God’s Own Child-5 : Tracing Perumal Murugan’s evolution into a composed maestro

Murugan acknowledges experiences, challenges, and hardships played a pivotal role in shaping his character, fostering maturity and composure.

BySaket Suman

Published May 10, 2024 | 2:00 PMUpdatedMay 10, 2024 | 3:55 PM

Perumal Murugan

Perumal Murugan’s transformation into a composed maestro was guided by the gentleness of familial love and the commandments of his own inner voice, writes author-journalist Saket Suman. This is the fifth of the ten-part series exclusively on thesouthfirst.com.

Short stories possess a unique appeal for budding writers and readers alike. They offer complete narratives that can be consumed in one sitting. It makes them a convenient option for those with busy schedules or seeking entertainment on the go.

For Perumal Murugan, the short story served as an accessible medium for expressing his ideas in his early writing career. However, as he evolved as a writer, he began to feel constrained by the limitations of the genre. He realized that his themes and plots demanded more depth than short stories could provide.

With the changing landscape of his surroundings, Murugan found himself grappling with the disparity between the themes of his earlier works, predominantly centred around village life, and the urbanization encroaching upon his reality.

“Looking back at my short stories made me feel they were parts of a bigger novel, ultimately resulting in Eru Veyil, my first novel. This is not to say that the stories were incomplete in themselves, but as years passed, the entire scheme of things in village life had undergone a tremendous change. My first novel was perhaps a result of my negotiations with the stories of the past in an attempt to connect them to the transformation,” Murugan says.

Father’s struggles, son’s burdens

By that time, Murugan had witnessed his father’s struggles during his final days. Perumal had a persistent issue with alcohol consumption despite undergoing three surgeries. He couldn’t survive the last, but in reality, the family had lost hope well before his passing.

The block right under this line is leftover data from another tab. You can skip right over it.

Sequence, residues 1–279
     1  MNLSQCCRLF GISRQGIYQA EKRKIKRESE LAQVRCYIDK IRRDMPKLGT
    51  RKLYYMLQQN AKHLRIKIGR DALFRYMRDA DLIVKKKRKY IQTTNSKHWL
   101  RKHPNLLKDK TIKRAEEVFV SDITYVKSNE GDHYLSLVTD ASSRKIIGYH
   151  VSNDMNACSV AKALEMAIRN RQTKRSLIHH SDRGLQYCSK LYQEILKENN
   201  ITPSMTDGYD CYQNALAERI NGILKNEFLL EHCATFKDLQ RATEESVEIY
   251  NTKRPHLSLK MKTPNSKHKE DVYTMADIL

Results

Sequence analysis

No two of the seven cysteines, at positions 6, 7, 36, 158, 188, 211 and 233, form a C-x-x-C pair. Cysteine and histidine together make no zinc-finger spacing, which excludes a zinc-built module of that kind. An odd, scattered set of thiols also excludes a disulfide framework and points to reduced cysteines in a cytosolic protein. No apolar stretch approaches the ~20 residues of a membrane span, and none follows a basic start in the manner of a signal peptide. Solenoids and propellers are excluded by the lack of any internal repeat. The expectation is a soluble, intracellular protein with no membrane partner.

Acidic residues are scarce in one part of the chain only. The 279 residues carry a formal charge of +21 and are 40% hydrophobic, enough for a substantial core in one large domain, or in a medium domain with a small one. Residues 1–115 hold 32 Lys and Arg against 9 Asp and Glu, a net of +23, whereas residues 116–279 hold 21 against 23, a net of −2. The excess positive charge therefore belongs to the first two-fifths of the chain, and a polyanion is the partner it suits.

Murugan found himself deeply engaged in his own pursuits while also confronting the challenge of his father’s debilitating addiction, which had made life miserable for the entire family due to his inability to overcome it. Perumayi, his mother, exerted considerable effort to support and comfort him, but her attempts were futile against his destructive habit.

Each time Perumal showed signs of improvement, he relapsed into drinking. And this only worsened his health. These events were unfolding during Murugan’s college years. Naturally it was adding the responsibility of caring for himself on top of his academic pursuits.

Managing his father’s business while pursuing his Bachelor’s degree became Murugan’s harsh reality. With the movie theatre closing, he turned to supplying soda to kiosks and small shops to make ends meet during his college days.

Murugan reflects that if Perumal had lived another ten years, he wouldn’t have encountered the challenges he faced in completing his studies.

His college experiences, including supplying soda and managing his father’s business, were the backdrop for his second and third novels. Despite the relief he felt at his father’s release from physical suffering, Murugan couldn’t bear witnessing his prolonged agony.

He explains, “Though I didn’t consider him as a burden, I was relieved because he got redeemed of his poor health and bodily struggles with his death. I couldn’t bear to see him suffer.” These early life personal experiences greatly influenced Murugan’s writing, too.

Urban-rural dynamics